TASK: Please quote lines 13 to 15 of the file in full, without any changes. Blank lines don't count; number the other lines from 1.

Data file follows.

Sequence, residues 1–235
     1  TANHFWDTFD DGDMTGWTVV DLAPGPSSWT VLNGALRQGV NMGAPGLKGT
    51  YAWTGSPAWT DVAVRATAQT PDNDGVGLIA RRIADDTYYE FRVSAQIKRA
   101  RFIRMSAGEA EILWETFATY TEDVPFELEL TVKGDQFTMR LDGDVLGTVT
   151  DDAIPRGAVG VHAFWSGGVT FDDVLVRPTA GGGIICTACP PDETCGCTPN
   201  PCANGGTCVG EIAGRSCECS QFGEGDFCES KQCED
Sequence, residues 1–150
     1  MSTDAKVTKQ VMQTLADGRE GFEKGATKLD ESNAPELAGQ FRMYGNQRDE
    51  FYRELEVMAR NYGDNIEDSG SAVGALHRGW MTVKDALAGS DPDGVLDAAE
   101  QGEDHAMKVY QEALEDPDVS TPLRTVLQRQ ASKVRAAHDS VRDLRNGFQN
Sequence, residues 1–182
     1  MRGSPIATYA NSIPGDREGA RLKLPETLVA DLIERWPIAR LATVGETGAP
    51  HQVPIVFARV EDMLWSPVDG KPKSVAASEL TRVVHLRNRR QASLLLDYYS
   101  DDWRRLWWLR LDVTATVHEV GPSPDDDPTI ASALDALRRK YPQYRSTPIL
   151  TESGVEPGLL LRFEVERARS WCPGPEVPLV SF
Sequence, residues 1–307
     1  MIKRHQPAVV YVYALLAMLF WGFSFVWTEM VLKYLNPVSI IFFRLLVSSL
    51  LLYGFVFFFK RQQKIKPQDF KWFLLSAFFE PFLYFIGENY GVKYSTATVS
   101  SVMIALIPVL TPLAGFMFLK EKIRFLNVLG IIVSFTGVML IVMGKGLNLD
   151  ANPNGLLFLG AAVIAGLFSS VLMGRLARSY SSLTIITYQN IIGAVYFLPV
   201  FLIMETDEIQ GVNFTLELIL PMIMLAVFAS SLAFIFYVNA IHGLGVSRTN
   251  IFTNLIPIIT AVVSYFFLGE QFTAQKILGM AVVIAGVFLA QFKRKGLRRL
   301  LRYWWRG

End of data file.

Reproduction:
    51  HQVPIVFARV EDMLWSPVDG KPKSVAASEL TRVVHLRNRR QASLLLDYYS
   101  DDWRRLWWLR LDVTATVHEV GPSPDDDPTI ASALDALRRK YPQYRSTPIL
   151  TESGVEPGLL LRFEVERARS WCPGPEVPLV SF